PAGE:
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Re: GSBN:Finding Outlets

Hi, Jeff,

When I last worked on a standard construction crew, many years ago, the boss had some kind of hand-held electronic device, which could sense the presence of electrical wires behind wallboard. He could trace a piece of romex wire run through the studs, and find where it turned from running horizontally to vertically, for example. The wires are supposed to be a couple of inches behind the face of the wallboard, so that should be similar to the plaster thickness in a plastered bale. If I remember correctly, it required the wires to be live, in the sense of having power available through the wire. It didn't require any load on the circuit.

I would think by now these devices would be more sophisticated and cheaper. If you are using metal boxes for the electrical outlet boxes, then a simple metal detector should work well. I use the Wizard brand metal detector for finding staples and nails in rough lumber, before running it through my planer. It cost about $80, from Woodworker's Supply (1-800-645-9292). It looks similar to the hand-held metal detectors used by airport security. It can detect a fine wire staple at the depth of an inch in hardwood, so I think it could easily find a metal electrical outlet box. But I bet the electrical supply houses have something similar, designed for your purpose.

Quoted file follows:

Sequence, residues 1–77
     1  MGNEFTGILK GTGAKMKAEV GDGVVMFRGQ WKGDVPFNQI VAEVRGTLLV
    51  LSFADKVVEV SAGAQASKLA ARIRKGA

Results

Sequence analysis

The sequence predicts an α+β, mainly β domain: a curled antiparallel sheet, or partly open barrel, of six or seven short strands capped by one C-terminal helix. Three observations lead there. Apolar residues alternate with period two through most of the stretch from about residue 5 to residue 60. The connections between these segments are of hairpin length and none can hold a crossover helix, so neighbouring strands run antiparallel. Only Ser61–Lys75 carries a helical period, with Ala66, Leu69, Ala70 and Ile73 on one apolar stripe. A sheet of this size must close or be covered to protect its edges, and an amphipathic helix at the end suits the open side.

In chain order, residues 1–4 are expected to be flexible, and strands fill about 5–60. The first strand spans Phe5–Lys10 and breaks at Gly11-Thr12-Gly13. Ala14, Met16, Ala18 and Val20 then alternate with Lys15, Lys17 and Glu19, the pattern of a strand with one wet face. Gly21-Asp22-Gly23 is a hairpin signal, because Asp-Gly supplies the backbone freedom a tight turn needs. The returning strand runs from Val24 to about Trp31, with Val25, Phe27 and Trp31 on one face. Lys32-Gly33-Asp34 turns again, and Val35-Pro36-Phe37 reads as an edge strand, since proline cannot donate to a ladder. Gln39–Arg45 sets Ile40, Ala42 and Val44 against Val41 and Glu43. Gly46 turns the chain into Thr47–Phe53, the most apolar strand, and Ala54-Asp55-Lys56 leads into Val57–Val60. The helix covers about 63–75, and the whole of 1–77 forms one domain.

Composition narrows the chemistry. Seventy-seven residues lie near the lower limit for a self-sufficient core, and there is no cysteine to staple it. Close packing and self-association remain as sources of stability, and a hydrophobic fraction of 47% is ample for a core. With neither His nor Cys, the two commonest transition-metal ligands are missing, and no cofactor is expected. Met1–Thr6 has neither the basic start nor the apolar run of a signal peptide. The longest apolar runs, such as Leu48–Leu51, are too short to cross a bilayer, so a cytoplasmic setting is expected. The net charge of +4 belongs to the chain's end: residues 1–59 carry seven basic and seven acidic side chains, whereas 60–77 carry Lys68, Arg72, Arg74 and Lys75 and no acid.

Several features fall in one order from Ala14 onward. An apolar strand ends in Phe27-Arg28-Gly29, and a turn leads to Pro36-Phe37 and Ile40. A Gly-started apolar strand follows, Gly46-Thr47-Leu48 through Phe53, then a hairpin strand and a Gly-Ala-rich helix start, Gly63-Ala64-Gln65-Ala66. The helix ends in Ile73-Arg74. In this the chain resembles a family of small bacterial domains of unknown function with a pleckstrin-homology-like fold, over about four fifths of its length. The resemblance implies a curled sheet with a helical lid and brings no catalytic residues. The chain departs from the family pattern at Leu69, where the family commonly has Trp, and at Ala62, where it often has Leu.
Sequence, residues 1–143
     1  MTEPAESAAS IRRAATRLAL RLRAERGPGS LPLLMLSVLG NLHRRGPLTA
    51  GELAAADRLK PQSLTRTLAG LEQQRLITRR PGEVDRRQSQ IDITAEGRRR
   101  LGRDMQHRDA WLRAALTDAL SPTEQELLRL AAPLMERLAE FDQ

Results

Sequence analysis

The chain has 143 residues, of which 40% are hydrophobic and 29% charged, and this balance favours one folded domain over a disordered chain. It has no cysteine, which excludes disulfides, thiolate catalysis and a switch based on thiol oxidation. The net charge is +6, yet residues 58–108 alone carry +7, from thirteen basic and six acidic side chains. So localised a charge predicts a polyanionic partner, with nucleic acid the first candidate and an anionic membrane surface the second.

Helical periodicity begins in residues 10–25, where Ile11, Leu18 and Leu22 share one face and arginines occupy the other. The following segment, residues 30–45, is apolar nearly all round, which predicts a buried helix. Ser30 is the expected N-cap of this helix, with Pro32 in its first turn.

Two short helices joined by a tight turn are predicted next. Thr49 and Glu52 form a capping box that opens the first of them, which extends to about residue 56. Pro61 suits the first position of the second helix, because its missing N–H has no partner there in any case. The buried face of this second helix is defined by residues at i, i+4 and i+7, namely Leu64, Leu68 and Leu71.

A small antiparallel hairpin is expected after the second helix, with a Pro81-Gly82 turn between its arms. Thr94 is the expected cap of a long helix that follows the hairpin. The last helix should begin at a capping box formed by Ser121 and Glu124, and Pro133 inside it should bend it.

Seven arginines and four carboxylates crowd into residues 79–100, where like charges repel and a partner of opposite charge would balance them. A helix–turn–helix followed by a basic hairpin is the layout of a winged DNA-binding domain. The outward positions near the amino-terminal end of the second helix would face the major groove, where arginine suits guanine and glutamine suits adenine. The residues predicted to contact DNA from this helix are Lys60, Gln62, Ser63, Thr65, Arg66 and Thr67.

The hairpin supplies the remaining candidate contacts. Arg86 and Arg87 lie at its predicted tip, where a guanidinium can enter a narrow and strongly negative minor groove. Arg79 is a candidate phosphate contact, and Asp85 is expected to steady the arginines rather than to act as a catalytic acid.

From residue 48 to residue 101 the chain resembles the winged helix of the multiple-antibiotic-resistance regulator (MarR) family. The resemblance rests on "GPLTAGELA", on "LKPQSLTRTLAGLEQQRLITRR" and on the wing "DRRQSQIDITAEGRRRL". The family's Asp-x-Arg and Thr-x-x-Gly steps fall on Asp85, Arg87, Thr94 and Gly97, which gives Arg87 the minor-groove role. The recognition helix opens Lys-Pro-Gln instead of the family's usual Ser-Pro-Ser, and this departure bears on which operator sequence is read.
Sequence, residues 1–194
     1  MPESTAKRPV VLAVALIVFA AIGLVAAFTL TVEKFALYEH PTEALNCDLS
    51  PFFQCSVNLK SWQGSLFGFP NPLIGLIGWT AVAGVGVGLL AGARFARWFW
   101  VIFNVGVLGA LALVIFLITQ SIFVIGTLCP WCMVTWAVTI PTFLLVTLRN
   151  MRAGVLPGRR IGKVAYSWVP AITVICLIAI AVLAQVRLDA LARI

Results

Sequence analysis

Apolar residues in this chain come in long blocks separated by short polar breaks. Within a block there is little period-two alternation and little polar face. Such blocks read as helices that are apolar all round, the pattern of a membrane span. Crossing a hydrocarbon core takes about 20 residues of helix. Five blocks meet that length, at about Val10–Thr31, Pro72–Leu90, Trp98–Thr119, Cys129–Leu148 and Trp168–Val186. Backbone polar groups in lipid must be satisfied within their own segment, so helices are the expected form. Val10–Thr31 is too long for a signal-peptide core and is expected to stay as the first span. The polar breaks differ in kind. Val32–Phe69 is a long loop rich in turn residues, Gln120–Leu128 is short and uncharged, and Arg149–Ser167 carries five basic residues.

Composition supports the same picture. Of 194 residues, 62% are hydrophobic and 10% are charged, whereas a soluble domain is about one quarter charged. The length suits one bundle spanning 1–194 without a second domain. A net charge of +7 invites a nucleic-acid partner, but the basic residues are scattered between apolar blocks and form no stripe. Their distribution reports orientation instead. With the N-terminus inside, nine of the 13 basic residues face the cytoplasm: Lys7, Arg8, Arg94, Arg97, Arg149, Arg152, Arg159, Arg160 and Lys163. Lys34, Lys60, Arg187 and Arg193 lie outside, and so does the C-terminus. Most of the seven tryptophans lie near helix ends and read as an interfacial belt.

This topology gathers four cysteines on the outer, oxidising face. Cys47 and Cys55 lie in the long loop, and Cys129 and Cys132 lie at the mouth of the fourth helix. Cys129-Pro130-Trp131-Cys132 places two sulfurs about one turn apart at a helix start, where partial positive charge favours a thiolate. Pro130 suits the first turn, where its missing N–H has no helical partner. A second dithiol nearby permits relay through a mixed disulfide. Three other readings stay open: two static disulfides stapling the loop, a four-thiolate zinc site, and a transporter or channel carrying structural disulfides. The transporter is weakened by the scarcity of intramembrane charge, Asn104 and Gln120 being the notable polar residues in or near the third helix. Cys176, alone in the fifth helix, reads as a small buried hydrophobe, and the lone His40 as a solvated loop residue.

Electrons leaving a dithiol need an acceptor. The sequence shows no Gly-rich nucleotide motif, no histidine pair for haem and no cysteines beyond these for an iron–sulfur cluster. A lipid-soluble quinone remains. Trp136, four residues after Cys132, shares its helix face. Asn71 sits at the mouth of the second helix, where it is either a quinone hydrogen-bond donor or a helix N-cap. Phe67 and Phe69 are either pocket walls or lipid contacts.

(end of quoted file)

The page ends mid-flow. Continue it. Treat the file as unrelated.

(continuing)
PS. I just checked the Woodworker's Supply web site <<a target="_blank" href="http://woodworker.com";>http://woodworker.com</a>>. The equivalent to the detector that I have is the Lumber Wizard ?III Model 25506 Metal Detector For Woodworkers, catalog number 109-097, $76.99. The specific web page with this and other metal detectors is <<a target="_blank" href="http://woodworker.com/cgi-bin/FULLPRES.exe?PARTNUM=109-097";>http://woodworker.com/cgi-bin/FULLPRES.exe?PARTNUM=109-097</a>>

--On Tuesday, May 11, 2004 6:48 PM -0600 Jeff Ruppert jeff@... wrote:

So here is a more practical question.  Anyone have an efficient way
of finding buried electrical outlets (post-plaster)?  I know this
seems basic, but we lose one every other project or so.  Thought I
would lighten things up!  Any tricks to share?

Jeff Ruppert, P.E.

Odisea  LLC
Structural/Civil Engineering, Straw Bale Consulting, Construction
2241 17th St.
Boulder, CO&#xCA; 80302
303.443.4335 o
303.443.4355 f
303.881.2905 c

Derek Roff
Language Learning Center, MSC03-2100
Ortega Hall Rm 129, 1 University of New Mexico
Albuquerque, NM 87131-0001
505/277-7368, fax 505/277-3885
Internet: derek@...